Nebula Live
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Nebula Live

The Problem

After being a musician for the majority of my life, finding gigs has always been tedious, emailing back and forth and scouring the internet. After speaking to venues looking to put on live music it was clear they had the same problem. Being able to book gigs through one dedicated platform would massively reduce the time and friction around booking a gig.

Users & Audience

The key audience is younger musicians looking to build up a presence through playing more gigs and venues looking to keep a constant stream of fresh artists playing on their live music nights.The musician side will likely be more tech savvy and more aware of building up a presence and an image online which they may have already done so on places like Instagram and Facebook.

Design Process

Given that the initial conception of this product came through wanting to scratch my own itch as a performing musician I still wanted to ensure many people had the same itch and get ideas of how we could solve it together.The first step was to speak to a group of target users. This part was quite easy due to the fact many of my friends are also musicians and even a few venue owners I knew. After listening to each persons pain points I pulled out a couple of common themes that kept coming up. These were problems around it being time consuming, lack of transparency, unsure of how to best approach.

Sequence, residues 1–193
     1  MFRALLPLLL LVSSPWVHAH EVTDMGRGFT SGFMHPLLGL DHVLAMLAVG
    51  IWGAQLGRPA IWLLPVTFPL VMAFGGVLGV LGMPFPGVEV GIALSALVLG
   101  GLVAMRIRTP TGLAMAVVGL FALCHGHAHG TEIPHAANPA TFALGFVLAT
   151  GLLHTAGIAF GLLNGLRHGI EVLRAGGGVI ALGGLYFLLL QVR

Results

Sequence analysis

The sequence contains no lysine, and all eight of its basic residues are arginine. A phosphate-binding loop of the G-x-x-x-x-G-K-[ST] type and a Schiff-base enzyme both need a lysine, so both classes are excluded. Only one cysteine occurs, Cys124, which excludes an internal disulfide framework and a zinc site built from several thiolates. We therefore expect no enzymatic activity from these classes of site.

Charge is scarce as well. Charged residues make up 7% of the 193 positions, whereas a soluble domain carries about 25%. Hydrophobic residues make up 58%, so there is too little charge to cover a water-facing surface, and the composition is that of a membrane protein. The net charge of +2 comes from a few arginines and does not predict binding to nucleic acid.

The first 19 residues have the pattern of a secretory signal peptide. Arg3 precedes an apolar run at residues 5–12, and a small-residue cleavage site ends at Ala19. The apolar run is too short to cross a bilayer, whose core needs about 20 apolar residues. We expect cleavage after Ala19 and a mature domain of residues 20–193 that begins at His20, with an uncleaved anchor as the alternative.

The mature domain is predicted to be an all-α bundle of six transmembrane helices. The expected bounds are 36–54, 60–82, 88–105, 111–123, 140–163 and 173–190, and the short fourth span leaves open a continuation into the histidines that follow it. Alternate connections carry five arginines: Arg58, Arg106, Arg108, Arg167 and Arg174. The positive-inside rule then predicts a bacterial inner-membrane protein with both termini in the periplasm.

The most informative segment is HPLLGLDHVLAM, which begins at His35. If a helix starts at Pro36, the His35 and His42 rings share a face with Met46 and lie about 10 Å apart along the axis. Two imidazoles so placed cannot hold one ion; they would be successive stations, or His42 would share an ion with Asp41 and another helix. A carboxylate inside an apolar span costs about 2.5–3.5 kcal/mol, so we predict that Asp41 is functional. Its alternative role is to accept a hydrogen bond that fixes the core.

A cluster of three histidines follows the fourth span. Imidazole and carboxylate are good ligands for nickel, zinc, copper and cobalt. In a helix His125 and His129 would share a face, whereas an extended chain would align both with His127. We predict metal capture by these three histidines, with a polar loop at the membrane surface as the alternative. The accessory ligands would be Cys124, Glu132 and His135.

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At this stage I started drawing up concepts for how a product might look that could solve these three pain points. I also started to think about how to bring this age old process up to speed with the times and how to build it around what it’s target users will already be familiar with.I would often take these initial rough prototypes and show people to get their unbiased input on them. It started to become clear that they would use the app as a central place where they could link to the channels they have already invested time in building up (namely Instagram, Facebook, and YouTube) so that venues could hear their music and see the numbers of their fan base through things like Facebook followers, increasing the chances of them getting booked.This then pushed me to think more about how to get more visibility for artists and venues on the platform and what that would look like. There would be no point in artists or venues investing time in building up their profile on the app if they never got seen. This led to the idea of “Artist” and “Venue” feeds that were sorted by location to the user. For example, a user who opens the app in Manchester will see all the musicians and venues in Manchester that are nearest to them. If the same user was to open the app in Leeds they would see all the musicians and venues from Leeds that are closest to them. However, I also realised that people may not want to only appear to the people in the same location so I created the option of specifying a location when applying a filter to either the artist or the venue feed.